• Health

Midwives Save Lives, But We Need More of Them, UN Says

3 minute read

Developing countries have a shortage of trained midwives that could potentially save millions of women and children, a new State of the World’s Midwifery report says.

According to the UNFPA report, while developing countries have made progress in improving maternal and newborn health, there is still a serious lack of trained and educated midwives, which many of these countries rely on to birth their babies. The 73 low- to middle-income countries profiled in the report—including countries like Mexico, Pakistan and India—account for 92% of global maternal and newborn deaths and stillbirths, but only 42% of the world’s doctors, nurses, and midwives. In these countries, midwives, who are educated and regulated to international standards, can provide 87% of essential care for women and newborns.

The report, which aims to help countries accelerate progress on the United Nations’ Millennium Development Goals—a set of health and development goals that an intentional consortium of NGOs and governments hope to reach by 2015—says that an investment in educating more midwives across the globe could prevent about two thirds of all maternal and newborn deaths.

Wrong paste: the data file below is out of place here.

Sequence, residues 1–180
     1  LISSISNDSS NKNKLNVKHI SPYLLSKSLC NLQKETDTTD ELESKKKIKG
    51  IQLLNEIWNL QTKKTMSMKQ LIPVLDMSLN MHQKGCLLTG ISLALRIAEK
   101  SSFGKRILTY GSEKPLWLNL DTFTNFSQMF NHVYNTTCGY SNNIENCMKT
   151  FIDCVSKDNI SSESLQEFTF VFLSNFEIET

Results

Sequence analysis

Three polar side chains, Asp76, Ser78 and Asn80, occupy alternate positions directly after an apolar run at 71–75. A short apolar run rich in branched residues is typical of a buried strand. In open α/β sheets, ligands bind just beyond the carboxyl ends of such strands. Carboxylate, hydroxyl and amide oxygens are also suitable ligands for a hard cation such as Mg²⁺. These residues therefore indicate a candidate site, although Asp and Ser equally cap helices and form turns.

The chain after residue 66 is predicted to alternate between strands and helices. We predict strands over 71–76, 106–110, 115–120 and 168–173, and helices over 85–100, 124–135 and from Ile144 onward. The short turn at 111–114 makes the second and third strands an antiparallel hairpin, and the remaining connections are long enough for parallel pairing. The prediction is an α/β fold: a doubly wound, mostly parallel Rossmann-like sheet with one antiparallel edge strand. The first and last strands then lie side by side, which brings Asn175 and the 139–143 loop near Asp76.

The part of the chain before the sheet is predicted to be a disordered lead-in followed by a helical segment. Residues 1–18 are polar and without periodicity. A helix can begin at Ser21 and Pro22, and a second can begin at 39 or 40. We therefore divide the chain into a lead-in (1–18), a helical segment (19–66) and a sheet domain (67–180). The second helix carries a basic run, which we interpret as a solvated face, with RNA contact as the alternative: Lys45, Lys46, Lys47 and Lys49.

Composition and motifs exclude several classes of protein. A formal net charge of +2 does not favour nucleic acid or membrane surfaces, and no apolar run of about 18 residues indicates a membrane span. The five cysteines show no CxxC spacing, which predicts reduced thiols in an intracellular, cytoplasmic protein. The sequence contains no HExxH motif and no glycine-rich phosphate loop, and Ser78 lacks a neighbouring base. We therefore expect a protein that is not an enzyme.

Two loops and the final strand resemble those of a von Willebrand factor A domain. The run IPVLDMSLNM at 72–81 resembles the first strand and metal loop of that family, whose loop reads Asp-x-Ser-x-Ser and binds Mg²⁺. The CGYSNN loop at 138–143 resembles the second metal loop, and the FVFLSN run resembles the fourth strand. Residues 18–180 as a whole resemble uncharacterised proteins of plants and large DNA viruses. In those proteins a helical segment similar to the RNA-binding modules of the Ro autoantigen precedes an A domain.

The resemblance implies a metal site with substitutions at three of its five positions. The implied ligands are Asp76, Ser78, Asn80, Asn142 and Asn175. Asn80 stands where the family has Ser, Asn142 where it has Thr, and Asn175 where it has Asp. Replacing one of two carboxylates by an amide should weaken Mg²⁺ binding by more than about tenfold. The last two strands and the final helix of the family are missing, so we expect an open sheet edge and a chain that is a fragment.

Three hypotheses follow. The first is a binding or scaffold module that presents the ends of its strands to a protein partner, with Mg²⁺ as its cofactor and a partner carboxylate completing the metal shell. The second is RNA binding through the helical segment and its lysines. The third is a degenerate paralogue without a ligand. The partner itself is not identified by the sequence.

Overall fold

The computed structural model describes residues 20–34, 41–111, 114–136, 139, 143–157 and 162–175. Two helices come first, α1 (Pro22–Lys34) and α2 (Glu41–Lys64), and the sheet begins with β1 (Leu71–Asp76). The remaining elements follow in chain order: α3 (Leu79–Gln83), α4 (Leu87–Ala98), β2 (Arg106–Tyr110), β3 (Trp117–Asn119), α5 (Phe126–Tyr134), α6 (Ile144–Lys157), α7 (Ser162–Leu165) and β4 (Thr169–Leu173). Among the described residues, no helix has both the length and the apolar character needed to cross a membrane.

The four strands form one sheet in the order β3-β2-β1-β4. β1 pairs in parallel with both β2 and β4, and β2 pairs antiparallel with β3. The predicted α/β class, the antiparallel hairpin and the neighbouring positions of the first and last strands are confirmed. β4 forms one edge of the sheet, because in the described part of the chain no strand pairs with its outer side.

In the U.S., many doctors remain skeptical of midwifery. Fewer than 1% of American babies are born in home deliveries, which are mostly tended to by midwives. There can also be confusion over which types of midwives are qualified to perform different procedures, as the American Academy of Pediatrics (AAP) recommends that pediatricians endorse only midwives trained by the American Midwifery Certification Board.

Still, the report presents optimistic numbers about the impact of midwifery in other countries, showing properly trained midwives can provide quality care. As the populations in these countries continue to grow, the gap in health care professionals and other critical resources will widen. Researchers expect the world’s number of pregnancies per year will remain constant at 166 million until 2030. In order to provide all women of reproductive age with universal access to quality midwifery until then, the report says countries need to focus on areas like availability, accessibility, and acceptability of properly trained midwives.

Beyond the recommendations for quality midwives, the report acknowledges that mother and child mortality in developing countries also depend highly on access to a wide range of family planning resources. This includes comprehensive sex education and recommendations for delaying marriage to keep young women safe. Women should have access to modern birth control methods and support during pregnancy. Disparities in health resources for women and children around the world is unacceptable, and there’s a lot of work to be done if countries still want to reach Millennium Development Goals by next year.

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